This 123-acre park southeast of downtown Indianapolis was originally a horse-racing track. This venture failed and the property was sold to the City of Indianapolis in 1873 and became known as Southern Park. Upon President Garfield’s assassination in 1881, it was renamed Garfield Park. The oldest park in the city, it is one of the three large parks that landscape architect George Kessler included in his 1908 park and boulevard plan for Indianapolis. This plan, which identified 164 historic resources, was listed in the National Register of Historic Places in 2003.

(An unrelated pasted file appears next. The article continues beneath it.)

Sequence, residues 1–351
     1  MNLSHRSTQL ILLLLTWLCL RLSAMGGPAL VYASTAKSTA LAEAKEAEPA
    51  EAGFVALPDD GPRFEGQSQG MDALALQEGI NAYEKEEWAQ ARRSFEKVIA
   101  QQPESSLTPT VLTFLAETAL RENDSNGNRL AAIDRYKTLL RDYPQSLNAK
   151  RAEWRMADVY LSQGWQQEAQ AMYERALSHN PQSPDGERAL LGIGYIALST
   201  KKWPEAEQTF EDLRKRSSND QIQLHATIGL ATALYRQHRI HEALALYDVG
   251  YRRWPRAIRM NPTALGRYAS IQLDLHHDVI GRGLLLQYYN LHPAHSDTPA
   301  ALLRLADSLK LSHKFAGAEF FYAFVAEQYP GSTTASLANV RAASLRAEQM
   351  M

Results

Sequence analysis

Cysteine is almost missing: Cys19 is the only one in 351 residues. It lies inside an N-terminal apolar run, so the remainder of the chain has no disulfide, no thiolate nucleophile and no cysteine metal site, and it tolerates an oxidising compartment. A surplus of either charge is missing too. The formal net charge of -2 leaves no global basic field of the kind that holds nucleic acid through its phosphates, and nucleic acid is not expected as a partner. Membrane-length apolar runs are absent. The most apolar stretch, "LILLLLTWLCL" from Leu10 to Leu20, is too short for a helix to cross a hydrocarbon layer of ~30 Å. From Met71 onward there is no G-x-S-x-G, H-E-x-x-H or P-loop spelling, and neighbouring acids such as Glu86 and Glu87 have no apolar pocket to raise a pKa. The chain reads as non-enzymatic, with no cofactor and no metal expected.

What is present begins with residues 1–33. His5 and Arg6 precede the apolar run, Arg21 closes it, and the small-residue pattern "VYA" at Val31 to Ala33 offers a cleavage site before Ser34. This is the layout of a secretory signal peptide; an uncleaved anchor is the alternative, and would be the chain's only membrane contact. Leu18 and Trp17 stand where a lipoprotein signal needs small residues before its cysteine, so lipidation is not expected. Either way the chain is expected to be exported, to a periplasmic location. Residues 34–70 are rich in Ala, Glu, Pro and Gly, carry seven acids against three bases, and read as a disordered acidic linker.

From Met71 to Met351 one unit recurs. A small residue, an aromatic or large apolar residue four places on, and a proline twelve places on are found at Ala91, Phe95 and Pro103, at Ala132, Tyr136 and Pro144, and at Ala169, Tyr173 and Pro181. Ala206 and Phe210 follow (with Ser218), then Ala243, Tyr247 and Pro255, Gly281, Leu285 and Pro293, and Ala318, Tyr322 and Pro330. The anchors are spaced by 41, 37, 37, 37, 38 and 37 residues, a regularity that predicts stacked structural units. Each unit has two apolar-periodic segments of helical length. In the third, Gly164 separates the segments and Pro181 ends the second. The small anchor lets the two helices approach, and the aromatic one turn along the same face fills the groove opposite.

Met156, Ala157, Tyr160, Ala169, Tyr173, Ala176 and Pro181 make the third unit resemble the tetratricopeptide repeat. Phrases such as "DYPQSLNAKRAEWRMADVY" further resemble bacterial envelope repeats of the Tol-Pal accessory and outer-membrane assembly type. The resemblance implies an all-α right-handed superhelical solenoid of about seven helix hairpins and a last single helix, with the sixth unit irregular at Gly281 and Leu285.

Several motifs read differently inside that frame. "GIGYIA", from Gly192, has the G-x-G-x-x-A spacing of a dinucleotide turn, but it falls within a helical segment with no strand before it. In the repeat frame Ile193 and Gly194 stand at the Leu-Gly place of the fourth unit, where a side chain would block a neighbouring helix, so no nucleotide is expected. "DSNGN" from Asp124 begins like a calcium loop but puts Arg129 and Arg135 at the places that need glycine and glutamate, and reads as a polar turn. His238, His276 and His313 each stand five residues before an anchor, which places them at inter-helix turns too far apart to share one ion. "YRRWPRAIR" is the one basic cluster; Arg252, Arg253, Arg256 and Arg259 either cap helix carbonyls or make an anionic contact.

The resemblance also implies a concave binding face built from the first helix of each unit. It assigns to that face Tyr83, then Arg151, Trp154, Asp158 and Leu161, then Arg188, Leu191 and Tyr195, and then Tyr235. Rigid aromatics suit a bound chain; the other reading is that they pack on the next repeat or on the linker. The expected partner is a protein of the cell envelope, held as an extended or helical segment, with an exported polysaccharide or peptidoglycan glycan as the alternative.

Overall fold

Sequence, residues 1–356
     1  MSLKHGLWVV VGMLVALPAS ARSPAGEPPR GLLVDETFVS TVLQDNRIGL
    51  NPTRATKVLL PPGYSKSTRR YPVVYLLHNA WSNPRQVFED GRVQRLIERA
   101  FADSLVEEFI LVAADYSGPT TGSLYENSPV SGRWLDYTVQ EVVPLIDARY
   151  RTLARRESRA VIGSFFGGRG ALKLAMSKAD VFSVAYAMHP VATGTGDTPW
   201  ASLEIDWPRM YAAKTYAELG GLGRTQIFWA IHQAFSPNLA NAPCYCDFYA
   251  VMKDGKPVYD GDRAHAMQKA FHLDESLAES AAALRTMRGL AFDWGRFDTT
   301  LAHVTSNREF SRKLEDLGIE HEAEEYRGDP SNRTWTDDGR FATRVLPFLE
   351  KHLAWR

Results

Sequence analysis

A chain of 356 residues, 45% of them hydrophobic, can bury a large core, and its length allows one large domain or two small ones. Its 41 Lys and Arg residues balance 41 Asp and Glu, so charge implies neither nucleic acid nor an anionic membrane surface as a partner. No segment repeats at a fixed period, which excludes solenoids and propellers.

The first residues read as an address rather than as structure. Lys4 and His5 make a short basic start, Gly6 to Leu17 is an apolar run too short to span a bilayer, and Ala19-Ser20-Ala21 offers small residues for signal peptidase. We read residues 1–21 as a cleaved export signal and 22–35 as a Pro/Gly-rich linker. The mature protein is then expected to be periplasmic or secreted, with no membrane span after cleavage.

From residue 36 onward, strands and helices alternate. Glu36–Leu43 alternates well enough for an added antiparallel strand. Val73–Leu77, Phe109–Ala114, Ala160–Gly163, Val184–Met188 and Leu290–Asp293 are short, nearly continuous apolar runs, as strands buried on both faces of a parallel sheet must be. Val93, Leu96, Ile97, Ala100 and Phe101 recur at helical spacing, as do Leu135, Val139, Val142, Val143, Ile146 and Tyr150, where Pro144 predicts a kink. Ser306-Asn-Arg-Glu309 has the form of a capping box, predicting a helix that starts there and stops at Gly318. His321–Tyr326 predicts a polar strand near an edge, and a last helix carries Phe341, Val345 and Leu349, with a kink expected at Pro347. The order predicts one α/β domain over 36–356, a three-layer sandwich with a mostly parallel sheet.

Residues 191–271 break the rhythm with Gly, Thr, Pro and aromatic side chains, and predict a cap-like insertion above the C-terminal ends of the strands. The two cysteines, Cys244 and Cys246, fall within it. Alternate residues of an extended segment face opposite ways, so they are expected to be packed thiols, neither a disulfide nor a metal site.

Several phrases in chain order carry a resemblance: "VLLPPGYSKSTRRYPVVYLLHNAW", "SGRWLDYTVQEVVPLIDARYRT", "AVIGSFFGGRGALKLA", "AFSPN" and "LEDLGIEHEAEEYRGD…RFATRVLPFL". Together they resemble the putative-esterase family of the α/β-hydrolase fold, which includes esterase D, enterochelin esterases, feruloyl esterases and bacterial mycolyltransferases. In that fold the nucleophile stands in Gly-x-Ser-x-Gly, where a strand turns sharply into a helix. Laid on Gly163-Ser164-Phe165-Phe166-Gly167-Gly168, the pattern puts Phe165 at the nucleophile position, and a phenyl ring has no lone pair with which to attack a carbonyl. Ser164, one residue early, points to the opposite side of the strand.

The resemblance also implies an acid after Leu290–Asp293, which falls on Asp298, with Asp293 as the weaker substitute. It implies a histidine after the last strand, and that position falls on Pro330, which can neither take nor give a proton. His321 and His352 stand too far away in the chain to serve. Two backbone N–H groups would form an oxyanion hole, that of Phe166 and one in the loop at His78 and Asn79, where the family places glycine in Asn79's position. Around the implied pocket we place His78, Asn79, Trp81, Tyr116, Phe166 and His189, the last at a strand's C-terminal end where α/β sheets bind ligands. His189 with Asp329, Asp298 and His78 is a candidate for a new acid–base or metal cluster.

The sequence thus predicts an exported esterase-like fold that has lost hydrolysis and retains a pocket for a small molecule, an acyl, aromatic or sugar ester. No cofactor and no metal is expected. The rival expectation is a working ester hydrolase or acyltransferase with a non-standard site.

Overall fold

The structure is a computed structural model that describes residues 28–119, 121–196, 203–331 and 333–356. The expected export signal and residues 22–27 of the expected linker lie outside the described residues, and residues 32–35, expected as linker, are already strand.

Garfield Park is best known for the conservatory and sunken gardens that were constructed in 1915. Although the original conservatory was replaced in 1954, the relationship of the 10,000 square foot conservatory to the sunken gardens in evident. The gardens include approximately three acres of formal gardens complete with benches, planters, light fixtures, and drinking fountains. The plantings are changed three times a year.
This naturalistic landscape includes more built features than any of the other Kessler-designed parks in town. In addition to the conservatory and sunken gardens there is a carriage/driving loop, curving paths, small interurban depot, an amphitheater/bandshell, the community center (1922-now the Garfield Art Center), a multi-level pagoda-shaped shelter with ornate ironwork, pool (filled in 1998, new one constructed), and six historic bridges.